In second final stage of digestion, food acquires pungent taste. Therefore it is called katu avasthapaka i. e. pungent phase of digestion of food. This phase takes place in colon. Due to pungent nature of food, vata is formed in stomach. This happens because pungent taste invariably increases vata. In this phase almost completely digested food which is propelled from small intestine is dried and converted into hard mass by effect of pungent environment and drying action of vata. In later stages, feces are formed and expelled from body. Read – Pungent Taste – Qualities, Health Benefits, Side Effects
A note on seats and organs related to avastha paka in relation to modern anatomy and physiology
The sweet phase of digestion is said to take place in stomach and sour phase of digestion to take place in small intestine. Last part of digestion i. e. pungent phase is said to take place in large intestine. But when we look at modern anatomy and physiology, large colon is not a digestive organ. No digestion of food takes place in colon. It is only that residue water, minerals and salts are absorbed into colon. Later faeces is formed and excreted. Read – Eating Etiquette: Healthy Eating Rules
The term pakwashaya mentioned in context of pungent phase of digestion is large intestine going with ayurvedic translation. Ayurveda also has said solidification of digested food which can be nothing but faeces. Pungent taste and environment produced can be compared to gases and fart which is produced due to chemical process and action of bacterial flora on food in colon. This justifies colon as place of pungent phase of digestion. Read – Involvement Of Doshas In Formation Of Organs
If avastha paka means stage wise digestion of food, colon cannot be considered in strict terms. This is because no digestion takes place in colon.
Therefore taking into consideration digestive zones of alimentary tract, and also considering ayurvedic term paka as digestion, many scholars of ayurveda conclude that –
- Sweet phase of digestion takes place in upper part of stomach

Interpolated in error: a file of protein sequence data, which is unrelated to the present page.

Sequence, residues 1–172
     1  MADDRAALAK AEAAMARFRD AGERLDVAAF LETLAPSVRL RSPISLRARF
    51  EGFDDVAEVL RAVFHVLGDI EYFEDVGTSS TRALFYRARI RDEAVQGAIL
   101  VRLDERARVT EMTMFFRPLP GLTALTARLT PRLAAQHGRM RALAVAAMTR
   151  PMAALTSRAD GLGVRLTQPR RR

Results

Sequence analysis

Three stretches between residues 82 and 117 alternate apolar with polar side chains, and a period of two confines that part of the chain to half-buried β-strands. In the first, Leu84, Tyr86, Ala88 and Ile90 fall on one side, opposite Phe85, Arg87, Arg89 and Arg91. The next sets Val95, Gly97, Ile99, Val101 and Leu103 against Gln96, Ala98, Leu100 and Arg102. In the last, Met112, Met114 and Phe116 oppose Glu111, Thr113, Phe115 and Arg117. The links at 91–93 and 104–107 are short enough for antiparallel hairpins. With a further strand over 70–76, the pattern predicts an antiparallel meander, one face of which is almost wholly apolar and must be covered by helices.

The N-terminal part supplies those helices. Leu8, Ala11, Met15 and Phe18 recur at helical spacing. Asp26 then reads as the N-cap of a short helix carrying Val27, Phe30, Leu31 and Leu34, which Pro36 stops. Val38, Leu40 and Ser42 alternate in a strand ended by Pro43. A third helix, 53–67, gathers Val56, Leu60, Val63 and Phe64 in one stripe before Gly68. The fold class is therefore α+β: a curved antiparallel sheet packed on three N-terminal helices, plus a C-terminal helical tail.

- Sour phase of digestion takes place in lower part of stomach and first part of small intestine i. e. duodenum
- Pungent phase of digestion takes place in lower part of small intestine i. e. jejunum and ileum
Alternatively three phases of digestion can be understood as –
- First phase begins in mouth and completes in upper stomach. First half of food stay in stomach, getting prepared for first part of digestion, getting mixed with mucus and being converted into a bolus can be considered.
- Second phase begins in lower part of stomach and later part of stay of food in stomach wherein it is partially digested; being acted upon by acids can be considered. This phase also continues in duodenum wherein food mixed with acids propelled from lower stomach is acted upon by digestive enzymes including bile, pancreatic juice etc.
- Third and last phase of digestion begins in second part of small intestine i. e. jejunum and ends in large colon. Absorption of essence of digested food takes place in small intestine and absorption of residue water, salts and minerals take place in colon with solidification of waste products and formation of feces and flatus.
Vipaka – Tridosha
Effect of Vipaka on three doshas
Vipaka or nishta paka means post digestion change in taste. Read –Vipaka: Taste Conversion During And After Digestion
When substances we consume, especially medicinal herbs, come into contact with digestive fire and gets digested by it, they undergo change in their tastes. This post digestion change in taste of a substance is called vipaka.